Two Brazilian activist-lawyers spoke about the new president Jair Bolsonaro and the dangers of his fascism, to some 50 people at an event in Ottawa four days after his election.

The event, entitled “Brazil: A Return to Fascism?”, featured Maria Lusia Mendonca and Max Garcez, hosted by Inter Pares along with the Blue Planet Project of the Council of Canadians.

Mendonca is a human rights lawyer in Brazil and executive director of Rede Social de Justiça e Direitos Humanos (Network for Social Justice and Human Rights). Garcez is a labour lawyer with Advocacia Garcez, and is currently living in Ottawa.

Their message was urgent – that international support is needed now and to come.


Maria Luisa Mendonca – 6 minute interview – November 02, 2018 with Greg Macdougall. (mp3)

Max Garcez – 9 minute talk – November 01, 2018. (mp3)

Maria Luisa Mendonca – 11 minute of responses to audience questions – November 01, 2018. (mp3)



Bolonaro’s campaigning and previous extreme/fascist positions are evidence of the danger that many in Brazil now face – The Intercept’s “Read His Extremist, Far-Right Positions in His Own Words” has some highlights – and Mendonca expressed that Bolsonaro is likely to influence neighbouring countries as well, while Garcez also highlighted the global climate change risk that his approach to the Brazilian Amazon rainforest poses.

Since the election there have already been attacks on workers, Indigenous, women, and LGBT people, said Mendonca. She mentioned that the Landless Workers Movement (MST) had one of their camps set on fire in the days after the election, and that one of Bolsonaro’s first actions had been to establish a military taskforce to classify opposition to the new regime as terrorists.

Garcez noted that the judge who sentenced former president Lula to jail, has now been chosen as Bolsonaro’s minister of justice. Lula had been expected to win the presidency before he was imprisoned, and Bolsonaro was provided a huge advantage as Fernando Haddad, the Worker’s Party (PT) replacement presidential candidate, only had one month to campaign before the first vote.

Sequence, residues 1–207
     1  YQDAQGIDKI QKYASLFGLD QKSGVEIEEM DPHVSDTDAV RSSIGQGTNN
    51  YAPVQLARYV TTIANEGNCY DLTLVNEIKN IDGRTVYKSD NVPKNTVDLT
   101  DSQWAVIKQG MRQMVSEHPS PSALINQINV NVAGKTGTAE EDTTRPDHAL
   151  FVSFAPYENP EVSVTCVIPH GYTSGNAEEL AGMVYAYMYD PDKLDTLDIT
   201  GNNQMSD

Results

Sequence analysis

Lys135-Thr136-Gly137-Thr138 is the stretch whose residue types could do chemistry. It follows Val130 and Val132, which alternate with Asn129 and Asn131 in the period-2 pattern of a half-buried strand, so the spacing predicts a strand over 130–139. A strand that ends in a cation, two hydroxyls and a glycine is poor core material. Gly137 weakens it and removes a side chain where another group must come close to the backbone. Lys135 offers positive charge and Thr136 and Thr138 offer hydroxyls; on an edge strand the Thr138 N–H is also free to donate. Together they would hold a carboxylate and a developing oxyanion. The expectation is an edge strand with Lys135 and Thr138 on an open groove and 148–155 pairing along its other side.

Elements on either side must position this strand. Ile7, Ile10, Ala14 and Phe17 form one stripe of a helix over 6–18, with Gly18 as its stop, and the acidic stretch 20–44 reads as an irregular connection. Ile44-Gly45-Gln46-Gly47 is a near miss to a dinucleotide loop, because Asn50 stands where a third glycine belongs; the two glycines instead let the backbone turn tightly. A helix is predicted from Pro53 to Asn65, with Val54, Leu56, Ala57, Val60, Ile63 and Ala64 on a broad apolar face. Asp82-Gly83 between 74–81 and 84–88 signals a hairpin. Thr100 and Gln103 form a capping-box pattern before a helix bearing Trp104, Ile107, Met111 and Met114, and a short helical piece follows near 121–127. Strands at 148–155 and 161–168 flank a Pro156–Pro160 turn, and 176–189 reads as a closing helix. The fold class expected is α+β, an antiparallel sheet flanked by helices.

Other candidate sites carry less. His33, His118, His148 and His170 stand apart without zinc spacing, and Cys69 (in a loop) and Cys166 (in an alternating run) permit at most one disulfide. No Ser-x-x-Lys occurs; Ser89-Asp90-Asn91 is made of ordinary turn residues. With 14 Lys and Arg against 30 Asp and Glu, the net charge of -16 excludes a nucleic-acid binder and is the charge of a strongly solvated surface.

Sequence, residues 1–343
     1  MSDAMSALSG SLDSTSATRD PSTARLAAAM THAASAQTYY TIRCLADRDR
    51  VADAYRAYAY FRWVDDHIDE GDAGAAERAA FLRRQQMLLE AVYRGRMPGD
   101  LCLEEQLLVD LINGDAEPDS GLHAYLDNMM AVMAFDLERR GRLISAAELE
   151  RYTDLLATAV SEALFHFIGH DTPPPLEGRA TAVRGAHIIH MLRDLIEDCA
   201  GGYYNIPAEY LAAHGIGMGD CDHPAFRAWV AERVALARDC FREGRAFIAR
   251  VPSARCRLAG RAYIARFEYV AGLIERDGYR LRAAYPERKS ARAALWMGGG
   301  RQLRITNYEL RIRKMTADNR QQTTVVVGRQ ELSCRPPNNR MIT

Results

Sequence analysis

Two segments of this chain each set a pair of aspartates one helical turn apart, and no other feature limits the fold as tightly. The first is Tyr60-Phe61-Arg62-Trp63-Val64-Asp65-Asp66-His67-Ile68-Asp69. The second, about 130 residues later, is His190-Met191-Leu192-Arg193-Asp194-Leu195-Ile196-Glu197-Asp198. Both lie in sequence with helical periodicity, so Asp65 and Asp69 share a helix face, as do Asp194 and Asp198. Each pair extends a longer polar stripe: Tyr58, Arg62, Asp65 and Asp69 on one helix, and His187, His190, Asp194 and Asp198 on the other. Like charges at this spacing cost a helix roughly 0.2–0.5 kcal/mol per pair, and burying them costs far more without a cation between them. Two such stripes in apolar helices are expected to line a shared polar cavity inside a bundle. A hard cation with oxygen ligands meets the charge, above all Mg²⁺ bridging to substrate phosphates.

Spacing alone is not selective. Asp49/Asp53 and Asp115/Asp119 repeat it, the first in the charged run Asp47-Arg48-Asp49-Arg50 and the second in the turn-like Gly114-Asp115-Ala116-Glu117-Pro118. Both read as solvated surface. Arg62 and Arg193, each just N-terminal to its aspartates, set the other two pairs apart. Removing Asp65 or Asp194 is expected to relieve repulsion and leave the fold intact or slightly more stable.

Mendonca described Lula’s jailing as illegal and political, saying there wasn’t evidence to convict him, and further pointing out that the order that kept him from communicating with the media while in jail was illegal and different treatment than for regular prisoners.

Garcez emphasized how bad the situation is, although it’s unclear what is to come; he also explained that many had previously thought Bolsonaro would be unelectable based on what he represents. Garcez said that it’s wrong to think of Bolsonaro in the same terms as Doug Ford or Donald Trump, noting that far-right European leaders like France’s Le Pen have distanced themselves from Bolsonaro’s positions.

He did acknowledge that there were problems with the previous progressive government, led by Dilma Roussef until 2016: Garcez described his legal firm working half the day attempting to defend the Rousseff government from the impeachment/parliamentary coup, and the other half to fight against her government’s privatization policies.

Mendonca said that Rousseff had been impeached despite no evidence she was involved in corruption. When Bolsonaro voted for the impeachment, he declared to the parliament that he was dedicating his vote to the military colonel who’d been in command of the Doi-Codi torture unit that had imprisoned and tortured Rousseff and others in the 1970s.

A number of attendees at the Ottawa event were Brazilians living in Ottawa; some had family members who’d voted for Bolsonaro.

One noted the importance of international validation for the work and ideas of Brazilian activists and academics, as many Brazilians are dismissive of them. Mendonca added to this how important the role of the international media was during the election in confirming that Bolsonaro is fascist, something not necessarily conveyed by the domestic Brazilian media.

One of Mendonca’s suggestions was that Canadians can research and pressure Canadian companies that have business in Brazil (her visit to Ottawa was scheduled with the Food Secure Canada conference in Montreal two days later, where she co-presented on the case of farmland grabs involving Canadian pension funds).

She also emphasized that there will be a continuing need for connections and communication between activists in Canada and elsewhere with the Brazilian social movements and alternative media.

The idea to start a solidarity network will be taken up by some of those who were at the event – anyone else interested in learning more or becoming involved is welcome to email the initial/interim contact, Kevin Skerrett: kevin.skerrett at gmail dot com